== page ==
Majority of investors are interested in sustainable investing but few are able to translate their intentions into reality, finds a survey by Schroders.

The study polled more than 25,000 investors across 32 locations globally.

Of those polled, 32% were found interested in sustainable investments while only 16% were found actually making such investments.

Asian investors led the batch in this regard, with 87% of India, 80% of China and 77% of Thailand investors citing that they always took sustainability factors into account while making investments.

The same was cited by 40% of investors in Canada and Denmark, and 41% in the Netherlands. These countries arguably prioritised sustainability for a longer period, Schroders noted.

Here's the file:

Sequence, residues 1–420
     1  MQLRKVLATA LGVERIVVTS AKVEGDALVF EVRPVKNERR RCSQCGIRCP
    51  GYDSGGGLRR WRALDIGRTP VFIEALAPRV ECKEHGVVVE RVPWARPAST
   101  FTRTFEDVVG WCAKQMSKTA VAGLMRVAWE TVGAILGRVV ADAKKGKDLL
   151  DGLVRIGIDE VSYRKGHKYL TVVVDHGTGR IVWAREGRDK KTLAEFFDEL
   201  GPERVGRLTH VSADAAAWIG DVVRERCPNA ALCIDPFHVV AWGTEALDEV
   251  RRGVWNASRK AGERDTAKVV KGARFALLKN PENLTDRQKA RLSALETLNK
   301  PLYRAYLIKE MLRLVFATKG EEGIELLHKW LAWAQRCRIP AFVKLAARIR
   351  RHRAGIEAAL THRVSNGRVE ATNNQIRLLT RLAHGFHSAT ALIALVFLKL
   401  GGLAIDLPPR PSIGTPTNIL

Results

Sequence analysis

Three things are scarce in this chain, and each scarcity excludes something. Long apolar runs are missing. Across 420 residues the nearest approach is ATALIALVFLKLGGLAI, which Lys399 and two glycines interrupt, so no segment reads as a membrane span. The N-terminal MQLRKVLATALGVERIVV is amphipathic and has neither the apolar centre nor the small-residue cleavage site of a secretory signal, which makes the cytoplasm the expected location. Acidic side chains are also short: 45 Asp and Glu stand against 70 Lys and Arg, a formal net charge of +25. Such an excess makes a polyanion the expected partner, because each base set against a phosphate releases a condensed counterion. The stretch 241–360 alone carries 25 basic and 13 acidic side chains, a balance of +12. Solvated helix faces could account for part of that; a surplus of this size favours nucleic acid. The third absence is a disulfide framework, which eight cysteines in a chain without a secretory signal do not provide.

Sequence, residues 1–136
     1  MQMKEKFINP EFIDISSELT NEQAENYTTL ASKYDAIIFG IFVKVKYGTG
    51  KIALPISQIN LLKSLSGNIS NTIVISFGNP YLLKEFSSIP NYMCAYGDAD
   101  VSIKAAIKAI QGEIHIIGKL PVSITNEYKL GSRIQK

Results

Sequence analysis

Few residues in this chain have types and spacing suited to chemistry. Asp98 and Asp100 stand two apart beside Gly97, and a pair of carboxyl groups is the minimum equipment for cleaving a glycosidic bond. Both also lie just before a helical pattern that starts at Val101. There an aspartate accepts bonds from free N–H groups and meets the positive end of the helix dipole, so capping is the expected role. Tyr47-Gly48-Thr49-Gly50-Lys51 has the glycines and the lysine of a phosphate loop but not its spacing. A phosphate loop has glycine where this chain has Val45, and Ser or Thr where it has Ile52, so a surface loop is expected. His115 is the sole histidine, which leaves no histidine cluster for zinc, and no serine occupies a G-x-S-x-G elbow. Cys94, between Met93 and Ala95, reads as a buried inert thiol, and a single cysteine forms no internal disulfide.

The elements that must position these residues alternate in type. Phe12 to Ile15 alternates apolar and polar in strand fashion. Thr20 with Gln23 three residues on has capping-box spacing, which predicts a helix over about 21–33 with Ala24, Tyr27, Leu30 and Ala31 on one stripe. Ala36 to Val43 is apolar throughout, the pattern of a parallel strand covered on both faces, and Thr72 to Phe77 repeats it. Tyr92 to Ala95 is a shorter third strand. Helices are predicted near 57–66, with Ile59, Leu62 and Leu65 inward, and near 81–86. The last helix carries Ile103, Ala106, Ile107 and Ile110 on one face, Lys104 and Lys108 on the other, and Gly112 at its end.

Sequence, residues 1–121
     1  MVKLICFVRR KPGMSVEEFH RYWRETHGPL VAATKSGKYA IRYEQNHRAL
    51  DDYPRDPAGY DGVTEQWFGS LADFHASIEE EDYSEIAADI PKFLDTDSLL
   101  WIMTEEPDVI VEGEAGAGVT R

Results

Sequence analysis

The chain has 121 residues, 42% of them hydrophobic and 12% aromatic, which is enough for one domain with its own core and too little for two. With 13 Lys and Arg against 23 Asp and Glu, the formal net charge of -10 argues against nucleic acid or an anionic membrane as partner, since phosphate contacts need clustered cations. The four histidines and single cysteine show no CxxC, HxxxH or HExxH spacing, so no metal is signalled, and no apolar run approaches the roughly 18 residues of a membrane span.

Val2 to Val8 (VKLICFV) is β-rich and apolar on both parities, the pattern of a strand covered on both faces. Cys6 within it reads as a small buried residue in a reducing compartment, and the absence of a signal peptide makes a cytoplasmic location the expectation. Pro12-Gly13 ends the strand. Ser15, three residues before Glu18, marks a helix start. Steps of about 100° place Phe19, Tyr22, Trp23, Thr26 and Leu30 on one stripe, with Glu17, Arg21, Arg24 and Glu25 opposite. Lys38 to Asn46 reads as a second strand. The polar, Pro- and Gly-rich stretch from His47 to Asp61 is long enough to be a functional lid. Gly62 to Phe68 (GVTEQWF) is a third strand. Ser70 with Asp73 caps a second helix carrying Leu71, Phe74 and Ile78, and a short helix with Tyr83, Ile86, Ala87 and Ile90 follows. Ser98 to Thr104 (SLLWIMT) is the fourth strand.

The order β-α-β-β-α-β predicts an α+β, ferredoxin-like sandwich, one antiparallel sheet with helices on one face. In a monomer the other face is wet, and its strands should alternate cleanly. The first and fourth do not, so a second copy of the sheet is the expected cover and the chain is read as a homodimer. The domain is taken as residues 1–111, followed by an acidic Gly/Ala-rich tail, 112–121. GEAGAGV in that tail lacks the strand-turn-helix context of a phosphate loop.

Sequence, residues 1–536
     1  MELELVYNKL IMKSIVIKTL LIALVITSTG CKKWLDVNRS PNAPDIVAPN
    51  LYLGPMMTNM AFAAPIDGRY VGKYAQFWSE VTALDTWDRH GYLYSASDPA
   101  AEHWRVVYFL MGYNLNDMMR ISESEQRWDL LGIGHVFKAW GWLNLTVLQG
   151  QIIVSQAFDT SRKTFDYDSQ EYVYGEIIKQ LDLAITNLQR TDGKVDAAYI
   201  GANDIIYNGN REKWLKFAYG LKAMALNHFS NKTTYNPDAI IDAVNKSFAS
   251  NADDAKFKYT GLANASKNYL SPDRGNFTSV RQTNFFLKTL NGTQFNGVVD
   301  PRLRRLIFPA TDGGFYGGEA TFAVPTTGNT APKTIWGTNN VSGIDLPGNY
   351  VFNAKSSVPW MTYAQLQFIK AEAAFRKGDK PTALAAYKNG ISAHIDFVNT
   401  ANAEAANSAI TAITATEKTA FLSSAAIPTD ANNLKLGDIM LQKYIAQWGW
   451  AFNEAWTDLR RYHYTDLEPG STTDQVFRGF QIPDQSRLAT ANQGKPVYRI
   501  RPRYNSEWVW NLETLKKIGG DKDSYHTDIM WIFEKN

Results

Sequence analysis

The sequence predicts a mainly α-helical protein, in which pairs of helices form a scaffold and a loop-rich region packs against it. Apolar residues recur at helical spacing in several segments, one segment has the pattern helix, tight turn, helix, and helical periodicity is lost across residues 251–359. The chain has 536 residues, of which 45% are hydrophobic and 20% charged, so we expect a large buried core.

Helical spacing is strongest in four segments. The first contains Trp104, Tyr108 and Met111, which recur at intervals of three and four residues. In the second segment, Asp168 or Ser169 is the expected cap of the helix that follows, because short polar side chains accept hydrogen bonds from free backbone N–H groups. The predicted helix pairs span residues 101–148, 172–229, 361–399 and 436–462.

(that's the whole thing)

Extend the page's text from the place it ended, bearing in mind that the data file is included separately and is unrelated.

Notably, Japan lagged behind its global peers in sustainable investing. Only 26% of the country’s investors said that they already invested or wanted to make sustainable investments.

On the other hand, 73% of Indian investors already invested or wanted to invest sustainably. This was the highest proportion globally.

The study also found 63% of investors believing that climate change will have “at least some impact on their investing” and 33% believing that it will have “very little or no impact”.

Besides, 71% of the investors opined that man-made climate change is a real phenomenon that is affecting the world.

Schroders global head of stewardship Jessica Ground said: “There remains a gulf between people’s sustainable investment aspirations and the reality of how they prioritise these factors in their investment decision-making.

“A significant proportion of investors clearly believe that sustainable investing is important, but this has yet to translate into tangible action for the majority.”